Sea ice topography from TanDEM-X interferometric SAR

An example of a preliminary TanDEM-X InSAR image over sea ice close to the Axel-Heiberg-Islands in the Canadian Archipelago.
(TanDEM-X data provided by DLR)

Syntetic Aperture Radar (SAR) is a coherent imaging radar technique available on many satellite platforms. The term coherent means in this context that a single wavelength with a known phase and amplitude is emitted and received. Using more than one observation or more than one instrument allows to convert the phase difference between the two acquisitions into a height variation, i.e., surface topography. The further apart these acquisitions, the higher the topographic resolution. This way of processing two SAR scenes over the same region is called Interferometric SAR (InSAR).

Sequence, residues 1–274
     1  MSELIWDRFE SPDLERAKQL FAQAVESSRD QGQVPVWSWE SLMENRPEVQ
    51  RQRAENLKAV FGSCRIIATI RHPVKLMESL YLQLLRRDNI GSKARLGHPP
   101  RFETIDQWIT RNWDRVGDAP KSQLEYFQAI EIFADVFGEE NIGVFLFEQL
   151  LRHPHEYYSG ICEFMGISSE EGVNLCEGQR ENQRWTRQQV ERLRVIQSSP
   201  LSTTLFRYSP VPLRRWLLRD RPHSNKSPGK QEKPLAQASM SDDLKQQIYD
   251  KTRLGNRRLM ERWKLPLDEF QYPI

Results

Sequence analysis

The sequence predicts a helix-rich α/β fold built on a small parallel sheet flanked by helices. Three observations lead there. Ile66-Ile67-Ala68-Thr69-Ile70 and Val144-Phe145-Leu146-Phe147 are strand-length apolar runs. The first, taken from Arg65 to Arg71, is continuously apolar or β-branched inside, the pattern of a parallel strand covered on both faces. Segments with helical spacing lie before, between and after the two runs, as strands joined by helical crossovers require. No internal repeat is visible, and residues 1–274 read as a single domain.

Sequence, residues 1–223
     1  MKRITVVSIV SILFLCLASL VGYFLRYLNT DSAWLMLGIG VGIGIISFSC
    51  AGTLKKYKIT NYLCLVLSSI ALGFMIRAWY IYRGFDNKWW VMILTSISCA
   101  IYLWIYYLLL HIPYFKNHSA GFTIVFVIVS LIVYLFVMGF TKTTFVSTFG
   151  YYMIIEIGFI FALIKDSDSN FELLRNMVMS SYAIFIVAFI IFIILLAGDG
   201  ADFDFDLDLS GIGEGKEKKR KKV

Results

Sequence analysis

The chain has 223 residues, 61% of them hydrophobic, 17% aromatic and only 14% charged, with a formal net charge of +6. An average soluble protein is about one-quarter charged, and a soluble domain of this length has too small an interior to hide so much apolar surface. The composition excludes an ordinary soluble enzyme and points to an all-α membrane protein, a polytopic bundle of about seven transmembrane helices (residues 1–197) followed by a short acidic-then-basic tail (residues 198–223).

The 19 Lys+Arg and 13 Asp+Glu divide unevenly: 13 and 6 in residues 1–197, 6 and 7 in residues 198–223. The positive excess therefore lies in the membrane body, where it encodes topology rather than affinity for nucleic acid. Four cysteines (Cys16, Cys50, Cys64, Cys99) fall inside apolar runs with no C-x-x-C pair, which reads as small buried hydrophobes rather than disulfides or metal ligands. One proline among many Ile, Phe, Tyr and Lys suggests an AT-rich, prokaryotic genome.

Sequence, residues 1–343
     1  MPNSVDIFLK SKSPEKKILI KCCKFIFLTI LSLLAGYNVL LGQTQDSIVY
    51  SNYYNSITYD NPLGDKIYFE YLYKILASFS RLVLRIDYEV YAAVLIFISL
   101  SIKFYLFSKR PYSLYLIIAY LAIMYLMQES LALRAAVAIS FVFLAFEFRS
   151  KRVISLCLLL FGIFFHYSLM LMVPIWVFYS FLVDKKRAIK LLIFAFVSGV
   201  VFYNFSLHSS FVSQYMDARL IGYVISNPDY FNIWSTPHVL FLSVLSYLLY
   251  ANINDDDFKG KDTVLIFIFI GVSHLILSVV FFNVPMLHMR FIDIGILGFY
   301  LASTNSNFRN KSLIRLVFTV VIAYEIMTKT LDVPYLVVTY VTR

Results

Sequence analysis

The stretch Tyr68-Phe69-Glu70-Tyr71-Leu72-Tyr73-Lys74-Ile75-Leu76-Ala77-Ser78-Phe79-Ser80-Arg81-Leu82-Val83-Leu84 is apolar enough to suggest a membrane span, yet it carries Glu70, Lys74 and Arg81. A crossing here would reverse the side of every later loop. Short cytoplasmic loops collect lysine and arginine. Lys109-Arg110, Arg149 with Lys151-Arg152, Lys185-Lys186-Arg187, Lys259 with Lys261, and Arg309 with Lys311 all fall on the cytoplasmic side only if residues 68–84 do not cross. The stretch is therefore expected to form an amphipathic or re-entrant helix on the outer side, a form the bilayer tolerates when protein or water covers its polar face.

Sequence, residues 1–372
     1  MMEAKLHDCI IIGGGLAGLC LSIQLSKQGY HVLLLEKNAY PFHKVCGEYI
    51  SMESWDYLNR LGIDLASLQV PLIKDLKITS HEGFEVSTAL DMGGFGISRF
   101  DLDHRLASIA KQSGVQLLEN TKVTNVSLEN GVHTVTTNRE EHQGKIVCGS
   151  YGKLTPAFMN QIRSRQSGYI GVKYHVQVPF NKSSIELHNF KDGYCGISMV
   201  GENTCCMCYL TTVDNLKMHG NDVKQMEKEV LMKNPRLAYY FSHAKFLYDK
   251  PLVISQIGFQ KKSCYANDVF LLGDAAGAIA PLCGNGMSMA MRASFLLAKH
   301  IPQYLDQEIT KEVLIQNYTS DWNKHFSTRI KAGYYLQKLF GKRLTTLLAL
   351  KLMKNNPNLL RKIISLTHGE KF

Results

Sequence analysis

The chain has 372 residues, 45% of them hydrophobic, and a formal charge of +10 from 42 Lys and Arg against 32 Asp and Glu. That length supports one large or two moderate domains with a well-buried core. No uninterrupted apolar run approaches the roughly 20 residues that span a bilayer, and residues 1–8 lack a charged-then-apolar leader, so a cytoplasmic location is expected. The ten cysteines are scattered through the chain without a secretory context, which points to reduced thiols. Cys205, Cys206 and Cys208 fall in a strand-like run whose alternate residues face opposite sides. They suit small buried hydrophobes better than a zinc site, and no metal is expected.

The TanDEM-X mission was operated in a science mode where also scenes with very long baselines (distances between the sensors) were taken during 2015 and 2016. The resulting higher topographic resolution can be exploited to resolve height differences in sea ice covered areas such as:

- pressure ridges
- icebergs
- leads